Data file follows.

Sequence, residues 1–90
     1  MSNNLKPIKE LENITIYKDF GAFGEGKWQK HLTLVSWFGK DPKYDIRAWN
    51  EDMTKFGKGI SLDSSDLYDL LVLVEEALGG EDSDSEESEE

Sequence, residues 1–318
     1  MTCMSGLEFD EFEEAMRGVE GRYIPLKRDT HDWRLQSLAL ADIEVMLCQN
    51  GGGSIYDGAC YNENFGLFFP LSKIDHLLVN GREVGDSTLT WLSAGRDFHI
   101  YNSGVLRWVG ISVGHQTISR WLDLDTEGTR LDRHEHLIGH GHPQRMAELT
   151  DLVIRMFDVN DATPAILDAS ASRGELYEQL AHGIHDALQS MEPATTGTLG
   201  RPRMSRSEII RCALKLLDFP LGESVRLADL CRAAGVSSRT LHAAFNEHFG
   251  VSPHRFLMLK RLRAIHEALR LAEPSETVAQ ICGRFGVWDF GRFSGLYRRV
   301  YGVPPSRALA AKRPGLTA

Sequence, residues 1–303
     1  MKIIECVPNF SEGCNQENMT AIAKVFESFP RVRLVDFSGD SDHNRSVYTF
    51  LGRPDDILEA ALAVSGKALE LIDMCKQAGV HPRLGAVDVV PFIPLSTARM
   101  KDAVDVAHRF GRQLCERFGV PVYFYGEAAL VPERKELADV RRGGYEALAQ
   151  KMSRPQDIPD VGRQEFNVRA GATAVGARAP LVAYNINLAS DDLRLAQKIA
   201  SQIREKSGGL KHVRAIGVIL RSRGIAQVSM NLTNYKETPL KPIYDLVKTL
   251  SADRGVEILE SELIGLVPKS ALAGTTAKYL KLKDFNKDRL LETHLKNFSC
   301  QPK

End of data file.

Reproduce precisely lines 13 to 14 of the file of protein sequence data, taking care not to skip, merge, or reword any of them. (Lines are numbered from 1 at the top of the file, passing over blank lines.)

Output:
     1  MKIIECVPNF SEGCNQENMT AIAKVFESFP RVRLVDFSGD SDHNRSVYTF
    51  LGRPDDILEA ALAVSGKALE LIDMCKQAGV HPRLGAVDVV PFIPLSTARM